The often-missing part of strategic planning

Dear Gerry,
Our firm is preparing again to plan our strategy for the next few years. It seems we continually struggle with how much we take on and particularly what to let go of in the process of adding new initiatives. Can you provide any insight into how to go about determining what we should do?
S.B., Fla.

Dear S.B.,
There is a saying relating to strategy and planning for the future: “Strategy is as much about what you are not going to do as it is about what you are going to do.” Many leaders don’t account for all that is not going well and instead focus almost entirely on those initiatives to determine where the company can go in the future. The reality is that all companies have parts of their businesses that are not performing well, have been marginalized, or do not fit that future. Assessing — or rationalizing, as some refer to it — each and every aspect of what your company does is needed occasionally.

What part of your business should you rationalize? Include any portion of the business that is large enough to have a material impact on the profitability of the firm or takes away precious human resources, financial capital, or leadership talent.

We find that the very best firms periodically rationalize their markets, clients or client groups, service offerings, initiatives that had been launched previously and are still not considered established, and each established functional business unit within the firm. These functional units can include larger groups or departments, offices, regions, entire divisions, or even subsidiaries.

When should you do this? The key is to perform this process often enough to identify and then change or exit those aspects of the business that are not meeting expectations. It is equally important not to do this too frequently, thus causing disruption, instability, or giving up on an area being evaluated too quickly. Rationalization is best performed annually and no longer than every few years.

One approach is to perform this process along with strategic planning. This timing gives you the opportunity to determine how what you are doing now may fit into the business of your future. Take care to avoid directly performing the rationalization in your strategic planning because it could take away from the creative thinking needed for the future. The results of this effort may be an input to the planning process to help decide where the company will place its investments, including reinvesting in existing initiatives and exiting what is not working or does not fit in the future.

Who should do this? You need to have your most objective thinker(s) perform the rationalization process. One key to make this a success is to choose an individual who is not directly attached to the topical area because independence is an important aspect of the process. Generally, forming a small task group with specific areas to evaluate is an acceptable approach if a firm does not have one person who is well rounded enough to cover all of the areas to be rationalized. In some cases, it is desirable to bring in some outside help using an industry-experienced person to get the most objectivity in the process. Whether inside or out, an individual or a group of individuals that can bring market, strategic, financial, and operational experience to the table are the desired traits needed.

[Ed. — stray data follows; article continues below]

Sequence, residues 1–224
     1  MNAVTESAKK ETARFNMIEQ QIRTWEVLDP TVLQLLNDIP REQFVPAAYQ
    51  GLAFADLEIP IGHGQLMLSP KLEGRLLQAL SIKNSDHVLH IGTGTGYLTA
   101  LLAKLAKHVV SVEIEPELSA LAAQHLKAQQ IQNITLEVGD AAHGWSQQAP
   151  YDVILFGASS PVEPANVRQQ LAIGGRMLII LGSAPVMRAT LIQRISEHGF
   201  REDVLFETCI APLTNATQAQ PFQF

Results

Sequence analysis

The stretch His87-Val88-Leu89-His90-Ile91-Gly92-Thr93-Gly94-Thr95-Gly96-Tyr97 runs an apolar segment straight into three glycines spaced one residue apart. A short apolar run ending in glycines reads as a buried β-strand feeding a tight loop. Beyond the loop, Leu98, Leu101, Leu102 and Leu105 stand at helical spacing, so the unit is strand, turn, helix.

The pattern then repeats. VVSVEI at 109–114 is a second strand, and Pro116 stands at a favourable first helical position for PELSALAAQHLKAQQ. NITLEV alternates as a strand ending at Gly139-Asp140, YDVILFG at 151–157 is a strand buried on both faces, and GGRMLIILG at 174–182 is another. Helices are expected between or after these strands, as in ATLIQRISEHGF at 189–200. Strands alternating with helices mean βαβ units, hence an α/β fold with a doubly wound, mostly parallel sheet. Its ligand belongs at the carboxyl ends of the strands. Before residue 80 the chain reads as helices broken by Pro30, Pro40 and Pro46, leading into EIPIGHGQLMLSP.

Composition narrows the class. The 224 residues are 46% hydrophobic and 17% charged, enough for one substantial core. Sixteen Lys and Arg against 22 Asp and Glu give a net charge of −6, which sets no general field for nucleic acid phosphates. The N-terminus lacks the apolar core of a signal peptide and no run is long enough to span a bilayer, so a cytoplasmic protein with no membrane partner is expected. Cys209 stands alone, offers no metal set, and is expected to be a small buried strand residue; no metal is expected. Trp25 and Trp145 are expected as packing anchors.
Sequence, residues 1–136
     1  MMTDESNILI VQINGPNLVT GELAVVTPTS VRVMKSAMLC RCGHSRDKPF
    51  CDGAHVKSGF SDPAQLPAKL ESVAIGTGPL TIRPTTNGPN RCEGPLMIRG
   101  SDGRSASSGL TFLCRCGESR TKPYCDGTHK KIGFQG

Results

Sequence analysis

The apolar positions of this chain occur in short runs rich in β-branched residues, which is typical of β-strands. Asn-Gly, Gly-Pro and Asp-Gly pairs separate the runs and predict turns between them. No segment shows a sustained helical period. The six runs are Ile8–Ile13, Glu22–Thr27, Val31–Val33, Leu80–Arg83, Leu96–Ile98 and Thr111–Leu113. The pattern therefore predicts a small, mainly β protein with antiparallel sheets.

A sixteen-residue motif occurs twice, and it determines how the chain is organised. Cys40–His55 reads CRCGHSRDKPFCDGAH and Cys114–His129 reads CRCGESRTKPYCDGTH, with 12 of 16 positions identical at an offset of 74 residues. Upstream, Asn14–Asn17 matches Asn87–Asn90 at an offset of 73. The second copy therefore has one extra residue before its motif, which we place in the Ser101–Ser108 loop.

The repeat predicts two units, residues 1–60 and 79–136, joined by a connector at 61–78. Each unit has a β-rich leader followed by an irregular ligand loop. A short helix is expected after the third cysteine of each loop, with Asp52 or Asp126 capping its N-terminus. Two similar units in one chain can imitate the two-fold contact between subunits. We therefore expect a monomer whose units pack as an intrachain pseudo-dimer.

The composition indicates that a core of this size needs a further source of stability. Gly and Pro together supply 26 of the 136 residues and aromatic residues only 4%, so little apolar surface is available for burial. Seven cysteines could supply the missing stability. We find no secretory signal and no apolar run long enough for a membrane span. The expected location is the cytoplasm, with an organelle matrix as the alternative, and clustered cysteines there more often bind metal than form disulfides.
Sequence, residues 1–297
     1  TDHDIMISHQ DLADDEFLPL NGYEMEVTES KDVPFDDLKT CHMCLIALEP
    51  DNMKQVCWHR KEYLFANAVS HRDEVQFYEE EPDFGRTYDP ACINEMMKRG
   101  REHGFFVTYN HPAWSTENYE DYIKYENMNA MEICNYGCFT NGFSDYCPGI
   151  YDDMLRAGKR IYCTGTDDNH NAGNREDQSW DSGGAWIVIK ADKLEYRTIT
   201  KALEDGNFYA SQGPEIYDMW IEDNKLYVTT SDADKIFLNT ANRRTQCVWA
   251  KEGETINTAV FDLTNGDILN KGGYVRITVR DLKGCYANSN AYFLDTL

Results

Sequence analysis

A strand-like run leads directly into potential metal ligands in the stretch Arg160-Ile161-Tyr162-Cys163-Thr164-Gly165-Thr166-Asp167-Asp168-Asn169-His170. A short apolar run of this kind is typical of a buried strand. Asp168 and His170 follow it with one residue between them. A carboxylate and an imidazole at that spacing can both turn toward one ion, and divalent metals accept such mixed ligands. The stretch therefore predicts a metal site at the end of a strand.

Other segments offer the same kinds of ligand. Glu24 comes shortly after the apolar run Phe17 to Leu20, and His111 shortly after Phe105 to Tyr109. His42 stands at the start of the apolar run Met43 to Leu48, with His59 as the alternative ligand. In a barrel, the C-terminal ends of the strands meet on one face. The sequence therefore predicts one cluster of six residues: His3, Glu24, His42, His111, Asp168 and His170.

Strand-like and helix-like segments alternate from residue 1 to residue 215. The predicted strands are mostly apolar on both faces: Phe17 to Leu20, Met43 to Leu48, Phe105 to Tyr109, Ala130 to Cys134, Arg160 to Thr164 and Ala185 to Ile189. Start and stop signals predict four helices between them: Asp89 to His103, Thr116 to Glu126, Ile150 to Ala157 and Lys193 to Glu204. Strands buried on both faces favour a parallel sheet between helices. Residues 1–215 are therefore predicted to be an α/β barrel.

What questions should you ask? The rationalization process is all about determining what is working and what is not — especially with an eye to the future. So the first question to ask is: how does this fit in with our current and future strategy of the company? Many ignore this question, and you find over time that a company continues doing things that were never included in its strategy. The remaining questions vary, depending on what aspect of the business you are rationalizing.

The rationalization process is all about ensuring the best use of your financial, talent, and leadership resources to build value for the shareholders and all employees. The best firms focus on the “critical few” things that make a company successful. So, whatever you do in planning for the future, don’t forget to look at what you currently are doing and whether you should continue on that course.

Gerry Salontai leads the Salontai Consulting Group (, a management advisory company focused on helping companies achieve success in the areas of strategy, business management, and leadership. He can be contacted at 858-756-5169 or

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Posted in Uncategorized | January 29th, 2014 by

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